Athletic financial cuts

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snuffy

Calf fries are the original sack lunch.
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Feb 28, 2007
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#1
https://twitter.com/brett_mcmurphy/status/1303772367240466435?s=21
 
Aug 22, 2006
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#4
Thats just the athletic department think about the impact on Stillwater alone. When we finally get back to being able to fill the arenas we need to do it as supporters and fans.

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Feb 18, 2009
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#7
Not sure why this is a shock to anyone. When you cut revenues by 50, 60 and 70% and costs don’t go down by 50, 60 and 70% you have to make cuts. This is not rocket science. But it was the most predictable thing to come out of all of this. Some of us have been screaming it since March.
 

Ptak'sNewspaper

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Sep 30, 2004
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#8
Not sure why this is a shock to anyone. When you cut revenues by 50, 60 and 70% and costs don’t go down by 50, 60 and 70% you have to make cuts. This is not rocket science. But it was the most predictable thing to come out of all of this. Some of us have been screaming it since March.
Same thing I was thinking. This isn’t even news, honestly.
 
Dec 7, 2006
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#9
A couple of odd things in there.

Affects 232 of the 241 employees. Wonder how the other 9 came out unscathed.

16 of the 25 employees with contracts agreed to pay cuts. Wonder what’s up with the other 9.

Same 9 in both cases?
If they have a contract, they're protected by it. So the only way to cut their salary is if they do it voluntarily or find a way to get out of the contract. My guess is they are assistant/associate coaches who either were not asked or refused to take a pay cut (probably the former, though it's speculation).

For all other employees, I would guess it's simple spreadsheet work. Employees with higher salaries too larger percentage paycuts because they have more wiggle room and employees with smaller salaries took smaller paycuts.

No idea whether the 25 with contracts is included in the larger number, but I would guess that it was based on the 9-count difference in each case. All employees who had no choice took a paycut. Of those who could refuse, all but 9 did so voluntarily.
 
Jul 10, 2009
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Stillwater, OK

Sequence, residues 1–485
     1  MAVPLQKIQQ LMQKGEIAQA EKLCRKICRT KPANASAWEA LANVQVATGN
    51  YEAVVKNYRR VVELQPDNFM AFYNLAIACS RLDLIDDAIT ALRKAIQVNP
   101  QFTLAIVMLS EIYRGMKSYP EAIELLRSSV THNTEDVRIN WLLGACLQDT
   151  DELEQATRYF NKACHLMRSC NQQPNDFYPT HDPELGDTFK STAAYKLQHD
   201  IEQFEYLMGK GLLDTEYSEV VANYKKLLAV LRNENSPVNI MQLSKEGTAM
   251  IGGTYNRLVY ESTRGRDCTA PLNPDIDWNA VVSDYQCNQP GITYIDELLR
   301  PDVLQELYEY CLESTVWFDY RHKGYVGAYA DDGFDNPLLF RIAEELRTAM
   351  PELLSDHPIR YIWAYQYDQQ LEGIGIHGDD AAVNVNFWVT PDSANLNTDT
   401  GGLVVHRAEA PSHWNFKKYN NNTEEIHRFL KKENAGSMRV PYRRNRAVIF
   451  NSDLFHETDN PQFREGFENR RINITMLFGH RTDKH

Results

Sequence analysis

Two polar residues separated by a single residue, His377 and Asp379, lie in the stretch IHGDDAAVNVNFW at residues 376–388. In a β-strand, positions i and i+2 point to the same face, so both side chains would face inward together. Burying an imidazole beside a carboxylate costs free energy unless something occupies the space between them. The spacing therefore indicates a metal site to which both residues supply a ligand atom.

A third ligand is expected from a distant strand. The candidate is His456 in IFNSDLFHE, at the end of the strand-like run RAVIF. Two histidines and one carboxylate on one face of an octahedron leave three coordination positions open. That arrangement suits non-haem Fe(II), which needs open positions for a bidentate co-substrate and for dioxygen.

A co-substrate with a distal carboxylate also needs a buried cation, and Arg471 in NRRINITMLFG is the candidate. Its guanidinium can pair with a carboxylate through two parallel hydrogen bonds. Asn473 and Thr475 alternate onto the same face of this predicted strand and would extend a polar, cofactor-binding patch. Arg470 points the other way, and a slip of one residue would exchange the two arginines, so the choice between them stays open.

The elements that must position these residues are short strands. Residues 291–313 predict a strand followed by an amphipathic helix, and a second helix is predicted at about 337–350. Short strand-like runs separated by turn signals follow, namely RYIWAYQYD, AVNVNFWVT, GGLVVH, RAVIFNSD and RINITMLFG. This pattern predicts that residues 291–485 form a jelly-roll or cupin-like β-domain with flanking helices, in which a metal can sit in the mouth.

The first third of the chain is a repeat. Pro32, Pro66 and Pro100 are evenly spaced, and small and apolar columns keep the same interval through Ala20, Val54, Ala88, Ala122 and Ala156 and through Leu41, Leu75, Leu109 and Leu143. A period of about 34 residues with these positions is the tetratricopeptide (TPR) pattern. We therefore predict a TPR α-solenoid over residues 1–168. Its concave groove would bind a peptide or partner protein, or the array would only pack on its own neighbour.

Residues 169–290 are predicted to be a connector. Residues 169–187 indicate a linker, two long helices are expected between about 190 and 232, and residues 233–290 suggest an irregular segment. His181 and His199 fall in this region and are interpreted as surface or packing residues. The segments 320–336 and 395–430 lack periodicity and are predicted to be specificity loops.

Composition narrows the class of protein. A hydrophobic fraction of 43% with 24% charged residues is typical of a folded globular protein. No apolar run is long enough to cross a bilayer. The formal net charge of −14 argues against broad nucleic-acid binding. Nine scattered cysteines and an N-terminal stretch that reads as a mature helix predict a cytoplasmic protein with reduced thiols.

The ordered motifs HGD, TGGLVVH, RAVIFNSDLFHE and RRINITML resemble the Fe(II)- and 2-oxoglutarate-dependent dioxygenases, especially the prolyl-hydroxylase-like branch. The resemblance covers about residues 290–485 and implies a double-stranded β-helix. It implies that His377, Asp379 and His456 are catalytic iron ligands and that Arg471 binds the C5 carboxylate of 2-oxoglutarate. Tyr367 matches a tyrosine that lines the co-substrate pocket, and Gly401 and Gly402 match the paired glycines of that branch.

#10
The nine with no pay cuts could also be minimum wage employees that they couldn't cut. Or they may have had a lower level threshhold where they weren't cutting anyone making less than a certain amount.
 
Oct 30, 2007
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#11
That's rough. I feel really bad for the people that lost their jobs. It could be a lot worse though. Just imagine where we would be without football. Some Big 10 schools will be facing a $100 million deficit if they don't end up playing.
 

Ptak'sNewspaper

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#12
I don't like it, but this will be what pushes things over the top to end up having football players paid $$$ at the college level. They'll be able to use this as a "see, look at how much money you make from us" moment. Which, they're not wrong, I just personally believe that they're already paid quite handsomely, it's just that most don't value the currency. Maybe "most" is too strong, many don't value the currency.
 

wrenhal

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Aug 11, 2011
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#13
Not sure why this is a shock to anyone. When you cut revenues by 50, 60 and 70% and costs don’t go down by 50, 60 and 70% you have to make cuts. This is not rocket science. But it was the most predictable thing to come out of all of this. Some of us have been screaming it since March.
To me it's better than cutting sports, which is what many other schools are doing.

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Nov 6, 2010
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#14
Anyone think there will ever be another employment contract written without a pandemic clause in it, in any profession?
 
Apr 7, 2006
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#16
College athletics hasn't had any major disruption to revenue in a very long time so they got a bit too comfortable with spending and salaries. This may serve as a correction to the "arms race" that had gotten a little out of hand.